The leading international tire manufacturer has made further progress in its research project for the industrialization of dandelion rubber in tire production. Continental has produced a small batch of the ContiWinterContact TS 850 P, with treads made exclusively of rubber from the dandelion root, for testing. In the test drives at test sites in Arividsjaur (Swedish Lapland) and at the Contidrom (Lower Saxony), the tires made of "Taraxagum" demonstrated the properties expected by developers.
"After several years of intensive development work together with the Fraunhofer Institute, we are excited to be taking the first dandelion tires onto the road. To get the most meaningful test results from the crop yield produced by our research project to date, we decided to build passenger car winter tires, as they contain a particularly high proportion of natural rubber. We are continuing to pursue the goal of developing tires based on dandelion rubber to readiness for series production within the next five to ten years," said Nikolai Setzer, Member of the Executive Board of Continental responsible for the Tire Division.
The development of tires with rubber made from the dandelion root at Continental has been very promising. The company is now working with development partners on the further industrialization of the rubber. As a result of extensive research conducted together with the Fraunhofer Institute for Molecular Biology and Applied Ecology (IME), the Julius Kühn Institute, and the plant breeding company Aeskulap, in the past few years good progress toward cultivating a very high-yield and robust kind of Russian dandelion has already been made.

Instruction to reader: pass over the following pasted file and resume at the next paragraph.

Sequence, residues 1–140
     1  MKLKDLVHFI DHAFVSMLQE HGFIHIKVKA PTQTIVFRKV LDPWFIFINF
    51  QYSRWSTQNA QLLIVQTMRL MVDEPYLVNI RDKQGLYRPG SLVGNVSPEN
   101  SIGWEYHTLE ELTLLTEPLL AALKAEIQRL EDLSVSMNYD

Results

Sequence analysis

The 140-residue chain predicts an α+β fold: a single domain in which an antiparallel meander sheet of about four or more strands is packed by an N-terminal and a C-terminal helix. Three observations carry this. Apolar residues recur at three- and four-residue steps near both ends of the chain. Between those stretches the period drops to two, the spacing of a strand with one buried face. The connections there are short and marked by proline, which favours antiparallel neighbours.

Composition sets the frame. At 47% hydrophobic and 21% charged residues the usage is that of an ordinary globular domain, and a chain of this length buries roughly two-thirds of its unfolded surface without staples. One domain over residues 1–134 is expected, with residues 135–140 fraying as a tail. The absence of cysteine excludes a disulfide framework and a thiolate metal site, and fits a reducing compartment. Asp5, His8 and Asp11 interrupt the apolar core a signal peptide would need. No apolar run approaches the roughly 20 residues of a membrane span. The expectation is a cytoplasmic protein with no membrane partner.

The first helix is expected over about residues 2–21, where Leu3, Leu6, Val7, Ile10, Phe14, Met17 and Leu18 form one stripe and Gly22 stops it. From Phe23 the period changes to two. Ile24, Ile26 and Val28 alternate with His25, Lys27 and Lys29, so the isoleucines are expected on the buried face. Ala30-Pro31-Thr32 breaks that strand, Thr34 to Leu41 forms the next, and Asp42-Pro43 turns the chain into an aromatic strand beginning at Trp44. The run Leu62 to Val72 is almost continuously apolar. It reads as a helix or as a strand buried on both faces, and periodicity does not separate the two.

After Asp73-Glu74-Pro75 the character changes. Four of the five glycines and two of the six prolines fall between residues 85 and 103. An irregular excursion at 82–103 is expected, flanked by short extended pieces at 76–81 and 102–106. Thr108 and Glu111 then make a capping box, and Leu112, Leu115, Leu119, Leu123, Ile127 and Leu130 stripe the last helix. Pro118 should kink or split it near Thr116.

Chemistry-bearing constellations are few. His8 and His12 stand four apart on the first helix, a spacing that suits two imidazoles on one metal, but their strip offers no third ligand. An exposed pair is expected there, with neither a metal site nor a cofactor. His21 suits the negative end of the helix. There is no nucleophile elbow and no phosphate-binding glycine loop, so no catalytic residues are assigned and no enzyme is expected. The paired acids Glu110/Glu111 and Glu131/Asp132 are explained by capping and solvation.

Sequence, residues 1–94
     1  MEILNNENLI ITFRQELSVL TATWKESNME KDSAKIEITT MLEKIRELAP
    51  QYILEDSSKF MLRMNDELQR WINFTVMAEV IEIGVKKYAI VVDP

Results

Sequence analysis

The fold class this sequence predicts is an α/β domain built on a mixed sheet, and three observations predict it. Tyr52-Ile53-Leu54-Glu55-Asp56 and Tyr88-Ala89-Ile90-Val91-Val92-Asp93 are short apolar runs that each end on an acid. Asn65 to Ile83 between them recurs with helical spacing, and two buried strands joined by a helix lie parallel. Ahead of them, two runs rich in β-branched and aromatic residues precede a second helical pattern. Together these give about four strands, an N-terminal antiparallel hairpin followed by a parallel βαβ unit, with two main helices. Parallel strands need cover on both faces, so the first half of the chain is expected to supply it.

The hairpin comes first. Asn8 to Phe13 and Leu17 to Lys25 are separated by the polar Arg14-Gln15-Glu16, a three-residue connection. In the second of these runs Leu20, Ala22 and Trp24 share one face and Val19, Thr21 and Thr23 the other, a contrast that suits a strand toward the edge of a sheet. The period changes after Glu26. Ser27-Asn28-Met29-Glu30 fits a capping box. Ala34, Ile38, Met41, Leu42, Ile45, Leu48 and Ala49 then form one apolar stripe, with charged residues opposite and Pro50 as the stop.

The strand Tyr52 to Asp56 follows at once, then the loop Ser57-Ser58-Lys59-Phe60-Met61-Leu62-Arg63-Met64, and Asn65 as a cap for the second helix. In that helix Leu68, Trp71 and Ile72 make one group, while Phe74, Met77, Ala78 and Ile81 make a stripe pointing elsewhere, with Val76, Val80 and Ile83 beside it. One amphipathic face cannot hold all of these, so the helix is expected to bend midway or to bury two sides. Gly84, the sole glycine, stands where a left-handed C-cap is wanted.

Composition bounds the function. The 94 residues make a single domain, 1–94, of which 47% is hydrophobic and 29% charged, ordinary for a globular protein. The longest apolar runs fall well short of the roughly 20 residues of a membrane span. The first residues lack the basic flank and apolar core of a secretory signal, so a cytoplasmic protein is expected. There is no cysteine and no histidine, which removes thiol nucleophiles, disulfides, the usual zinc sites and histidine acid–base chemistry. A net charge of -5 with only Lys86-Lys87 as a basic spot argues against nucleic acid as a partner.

The long-term goal of the research project is to find an ecologically, economically, and socially viable solution to the increasing demand for natural rubber, which would ease the pressure on the traditional rubber tree plantations in the tropics. The project also aims to reduce dependency on the sometimes severe price fluctuations of natural rubber on the commodities exchanges. In addition, cultivating dandelions on previously unused land in temperate regions of Europe – closer to Continental’s European tire plants – would sustainably reduce logistics costs and the transport-related impact on the environment.